Journalism students tend to fret a lot about learning the newswriting format. But learning to write a news story is relatively easy, and any experienced journalist will tell you that reporting is at the heart of what the news business is all about. And when it comes to reporting, there is nothing more important than learning to be a good interviewer.
So here are six important tips to keep in mind when doing any interview.
- Do plenty of preparation. Preparation means doing background research before the interview, both about the interviewee and the subject you will be discussing. Nothing inspires confidence in an interviewee more than a reporter who is clearly well prepared for the interview. On the other hand, walking into an interview cold, with little or no preparation, can be a recipe for disaster, especially for a young, inexperienced reporter. And it just makes sense that a reporter who is knowledgeable about the subject to be discussed will do a better interview.
- Prepare a list of questions. This goes along with the prep work mentioned above. Once you’ve done your background research, having a list of prepared questions ready will give you confidence and help you conduct a more focused interview. Having such a list can also save time for both you and the person you’re interviewing.
- But don’t be afraid to deviate from that list. What do I mean? Let’s say the person you’re interviewing says something really interesting and newsworthy about a topic you hadn’t thought of beforehand, one that isn’t on your list of questions. Don’t be afraid to go off-script and pursue that avenue of the conversation to see where it leads. Experienced reporters will tell you that the best interviews are those where your source says something really unexpected, and when that happens you need to be ready to throw out your prepared questions and improvise.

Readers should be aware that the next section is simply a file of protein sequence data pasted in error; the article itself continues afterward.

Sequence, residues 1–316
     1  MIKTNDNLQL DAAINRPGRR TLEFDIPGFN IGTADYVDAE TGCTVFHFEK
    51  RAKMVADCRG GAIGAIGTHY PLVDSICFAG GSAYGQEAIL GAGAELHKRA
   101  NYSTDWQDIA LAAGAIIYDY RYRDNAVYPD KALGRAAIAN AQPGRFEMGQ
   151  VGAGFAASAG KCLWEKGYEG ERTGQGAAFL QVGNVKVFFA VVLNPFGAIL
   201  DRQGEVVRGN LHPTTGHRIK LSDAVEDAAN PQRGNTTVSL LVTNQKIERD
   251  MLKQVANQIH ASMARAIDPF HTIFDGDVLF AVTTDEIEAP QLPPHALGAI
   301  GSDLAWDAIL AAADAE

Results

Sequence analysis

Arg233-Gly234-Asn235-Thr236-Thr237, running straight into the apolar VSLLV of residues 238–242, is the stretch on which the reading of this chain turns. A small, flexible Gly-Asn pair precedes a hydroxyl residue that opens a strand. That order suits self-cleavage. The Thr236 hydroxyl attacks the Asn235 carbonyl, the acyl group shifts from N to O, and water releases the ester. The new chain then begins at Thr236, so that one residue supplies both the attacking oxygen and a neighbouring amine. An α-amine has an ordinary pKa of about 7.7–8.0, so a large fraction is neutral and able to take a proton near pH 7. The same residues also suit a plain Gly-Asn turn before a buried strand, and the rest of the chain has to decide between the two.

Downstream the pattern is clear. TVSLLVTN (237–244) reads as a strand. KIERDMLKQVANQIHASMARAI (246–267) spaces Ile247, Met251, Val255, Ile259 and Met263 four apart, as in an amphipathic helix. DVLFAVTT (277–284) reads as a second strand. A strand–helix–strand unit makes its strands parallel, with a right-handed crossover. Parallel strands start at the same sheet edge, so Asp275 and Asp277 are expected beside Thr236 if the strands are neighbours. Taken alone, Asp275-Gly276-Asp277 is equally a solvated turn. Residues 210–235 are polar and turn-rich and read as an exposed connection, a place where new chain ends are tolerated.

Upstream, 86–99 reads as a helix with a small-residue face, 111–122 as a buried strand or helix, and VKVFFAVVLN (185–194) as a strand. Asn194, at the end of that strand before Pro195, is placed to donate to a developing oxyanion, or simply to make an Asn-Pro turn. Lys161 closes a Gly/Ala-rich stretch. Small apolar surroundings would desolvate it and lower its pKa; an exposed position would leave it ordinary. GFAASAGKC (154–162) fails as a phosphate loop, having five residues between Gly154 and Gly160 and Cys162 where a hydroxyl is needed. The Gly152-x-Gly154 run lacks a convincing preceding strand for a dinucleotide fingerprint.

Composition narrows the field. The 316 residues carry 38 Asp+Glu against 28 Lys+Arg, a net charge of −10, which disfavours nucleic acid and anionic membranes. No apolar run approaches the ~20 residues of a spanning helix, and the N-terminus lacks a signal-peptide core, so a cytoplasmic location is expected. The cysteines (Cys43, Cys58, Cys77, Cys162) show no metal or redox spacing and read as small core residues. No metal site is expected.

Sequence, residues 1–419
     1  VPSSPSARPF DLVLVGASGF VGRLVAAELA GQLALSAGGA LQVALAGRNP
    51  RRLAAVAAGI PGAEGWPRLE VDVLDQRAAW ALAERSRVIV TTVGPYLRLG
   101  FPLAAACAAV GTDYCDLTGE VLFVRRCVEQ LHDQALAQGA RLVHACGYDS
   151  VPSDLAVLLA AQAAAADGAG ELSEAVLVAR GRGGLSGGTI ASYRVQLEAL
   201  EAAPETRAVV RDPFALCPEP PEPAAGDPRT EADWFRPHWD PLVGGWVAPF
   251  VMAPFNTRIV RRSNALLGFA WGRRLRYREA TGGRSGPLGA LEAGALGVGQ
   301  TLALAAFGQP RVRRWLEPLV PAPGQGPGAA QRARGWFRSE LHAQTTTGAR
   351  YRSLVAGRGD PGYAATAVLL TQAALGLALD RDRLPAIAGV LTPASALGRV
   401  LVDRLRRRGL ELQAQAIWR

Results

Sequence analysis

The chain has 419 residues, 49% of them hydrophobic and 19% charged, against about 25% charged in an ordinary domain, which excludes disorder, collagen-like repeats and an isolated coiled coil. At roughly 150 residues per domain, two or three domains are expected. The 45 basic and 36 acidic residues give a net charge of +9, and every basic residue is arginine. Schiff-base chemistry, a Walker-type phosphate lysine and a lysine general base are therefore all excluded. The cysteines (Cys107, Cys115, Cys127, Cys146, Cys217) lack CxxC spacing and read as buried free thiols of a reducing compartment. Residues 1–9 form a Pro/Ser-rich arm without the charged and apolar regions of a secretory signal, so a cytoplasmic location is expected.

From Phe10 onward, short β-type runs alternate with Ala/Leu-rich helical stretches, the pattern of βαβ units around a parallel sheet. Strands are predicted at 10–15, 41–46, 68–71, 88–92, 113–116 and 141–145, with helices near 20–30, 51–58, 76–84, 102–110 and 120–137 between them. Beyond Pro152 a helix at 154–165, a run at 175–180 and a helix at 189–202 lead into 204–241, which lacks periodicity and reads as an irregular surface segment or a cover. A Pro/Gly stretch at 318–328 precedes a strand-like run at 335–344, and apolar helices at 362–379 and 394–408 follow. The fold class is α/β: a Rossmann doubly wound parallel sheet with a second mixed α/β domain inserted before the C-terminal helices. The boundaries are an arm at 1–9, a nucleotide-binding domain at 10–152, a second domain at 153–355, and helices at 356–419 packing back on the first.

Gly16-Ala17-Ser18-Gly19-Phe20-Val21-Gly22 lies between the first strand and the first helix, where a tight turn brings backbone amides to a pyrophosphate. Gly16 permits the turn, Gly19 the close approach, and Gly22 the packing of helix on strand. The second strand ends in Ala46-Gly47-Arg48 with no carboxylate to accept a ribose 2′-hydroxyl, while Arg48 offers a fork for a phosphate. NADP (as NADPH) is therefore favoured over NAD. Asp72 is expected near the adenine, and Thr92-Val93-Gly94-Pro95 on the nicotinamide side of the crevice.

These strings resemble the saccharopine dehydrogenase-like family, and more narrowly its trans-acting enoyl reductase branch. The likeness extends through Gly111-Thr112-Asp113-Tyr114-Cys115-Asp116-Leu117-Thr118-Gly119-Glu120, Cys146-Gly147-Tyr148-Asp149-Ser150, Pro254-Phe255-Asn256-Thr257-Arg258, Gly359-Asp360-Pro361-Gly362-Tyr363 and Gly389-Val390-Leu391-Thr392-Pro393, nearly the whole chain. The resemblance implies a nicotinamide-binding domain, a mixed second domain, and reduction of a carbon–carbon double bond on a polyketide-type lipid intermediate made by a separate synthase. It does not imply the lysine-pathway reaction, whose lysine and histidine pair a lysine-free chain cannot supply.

- Listen. This seems painfully obvious, but I can’t tell you how many interviews I’ve watched where the interviewer was clearly more interested in the sound of his or her own voice than in hearing from the person being interviewed. Remember, the purpose of an interview is to get information – to learn something – from the interviewee. You can’t do that if you’re constantly talking over them or just not listening to what they are saying.
- Establish a rapport with the interviewee. Many people, especially those who are not regularly in the news, can get very nervous at the prospect of being interviewed by a reporter. So the best thing you can do is make them comfortable by approaching the interview in a casual, friendly manner, and by making the interview itself as much like a conversation as possible. For instance, before starting the interview, make a point of chitchatting about some unrelated topic, such as the weather or the state of the local sports teams. This sets a casual tone for the interview, one that will make the interviewee feel at ease and, hopefully, make them more forthcoming.
- After the interview, check and double-check. Interviews can move very quickly, and if you are taking notes it can be easy to miss or misconstrue things that are said. So once the interview is wrapping up, don’t be afraid to go back and double check things that the interviewee has said to make sure that you understood them clearly. You worked hard to build a level of trust with your interviewee; you don’t want to wreck that by misquoting them in your article. So double check anything you’re not sure about.
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